I recommend two British writers: Eric Newby - 'A Small Place in Italy', about buying, renovating and living in a small cottage in Tuscany. Newby was a British soldier captured in Italy by the Germans in WWII, recounted in his 'Love and War in the Appennines', about his escape aided by local partisans, including a girl, Wanda, who became his future wife. A beautiful story. Tim Parks - 'Italian Neighbours: An Englishman in Verona' - many simpatico insights into small-town Italian life.
Kate V 2024/04/02 19:06
La Bella Figura: A Field Guide to the Italian Mind was published in 2007, Have things changed much since then, or is it still an accurate reflection of the Italian character?
Ginger Hamilton 2024/04/02 18:43
Highly recommend the “A Rosie Life in Italy” series by Rosie Meleady, the delightfully written true story of an Irish couple’s move to Italy, purchase of a home, the process of rehabbing it, and their life near Lago di Trasimeno. Available on Amazon.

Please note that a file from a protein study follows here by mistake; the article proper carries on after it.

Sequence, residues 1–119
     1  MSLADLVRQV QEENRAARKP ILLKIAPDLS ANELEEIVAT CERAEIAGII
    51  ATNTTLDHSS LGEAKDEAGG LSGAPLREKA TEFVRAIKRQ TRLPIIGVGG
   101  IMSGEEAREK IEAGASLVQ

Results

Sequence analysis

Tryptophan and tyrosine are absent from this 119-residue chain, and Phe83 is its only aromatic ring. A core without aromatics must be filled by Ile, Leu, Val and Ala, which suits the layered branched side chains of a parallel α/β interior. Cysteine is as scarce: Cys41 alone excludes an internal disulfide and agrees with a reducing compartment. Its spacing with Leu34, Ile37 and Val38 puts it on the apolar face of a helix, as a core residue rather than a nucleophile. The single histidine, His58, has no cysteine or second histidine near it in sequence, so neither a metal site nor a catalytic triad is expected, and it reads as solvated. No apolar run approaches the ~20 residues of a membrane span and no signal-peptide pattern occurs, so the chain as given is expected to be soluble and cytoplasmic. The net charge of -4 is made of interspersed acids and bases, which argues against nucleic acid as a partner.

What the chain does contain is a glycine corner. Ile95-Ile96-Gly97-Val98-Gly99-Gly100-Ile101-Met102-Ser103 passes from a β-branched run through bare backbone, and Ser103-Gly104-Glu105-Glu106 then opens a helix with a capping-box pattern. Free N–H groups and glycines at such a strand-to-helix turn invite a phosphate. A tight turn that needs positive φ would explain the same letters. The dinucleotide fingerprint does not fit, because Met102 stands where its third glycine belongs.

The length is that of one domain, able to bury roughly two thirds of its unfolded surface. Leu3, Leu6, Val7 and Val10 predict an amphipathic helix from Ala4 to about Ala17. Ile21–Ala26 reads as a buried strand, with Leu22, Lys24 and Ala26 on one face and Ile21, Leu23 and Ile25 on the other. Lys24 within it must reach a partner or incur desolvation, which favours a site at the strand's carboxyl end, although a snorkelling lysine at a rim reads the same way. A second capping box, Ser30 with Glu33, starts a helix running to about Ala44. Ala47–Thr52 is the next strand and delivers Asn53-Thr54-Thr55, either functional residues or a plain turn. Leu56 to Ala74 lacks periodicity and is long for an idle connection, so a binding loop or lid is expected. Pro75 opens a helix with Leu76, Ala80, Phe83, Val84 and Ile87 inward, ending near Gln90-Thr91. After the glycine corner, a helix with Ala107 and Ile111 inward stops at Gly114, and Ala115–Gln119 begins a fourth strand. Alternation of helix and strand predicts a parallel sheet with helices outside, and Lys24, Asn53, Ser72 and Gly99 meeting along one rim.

Mary Austern 2024/04/02 13:39
Highly recommend Jan Morris', "Venice." A personal view, beautifully written. Per Goodreads: "The classic evocation of Venice, acclaimed as one of the finest books ever written about the city...'Entertaining, ironical, witty, high spirited and appreciative . . . Both melancholy and gay and worldly, I think of it now as among the best books on Venice; indeed as the best modern book about a city that I have ever read."
Brett 2024/04/01 20:55
I also recommend Jhumpa Lahiri’s In Other Words / In Altre Parole, which tells her story of learning Italian. The book is written in both Italian and English, presented on opposite pages, so it’s also a nice learning tool!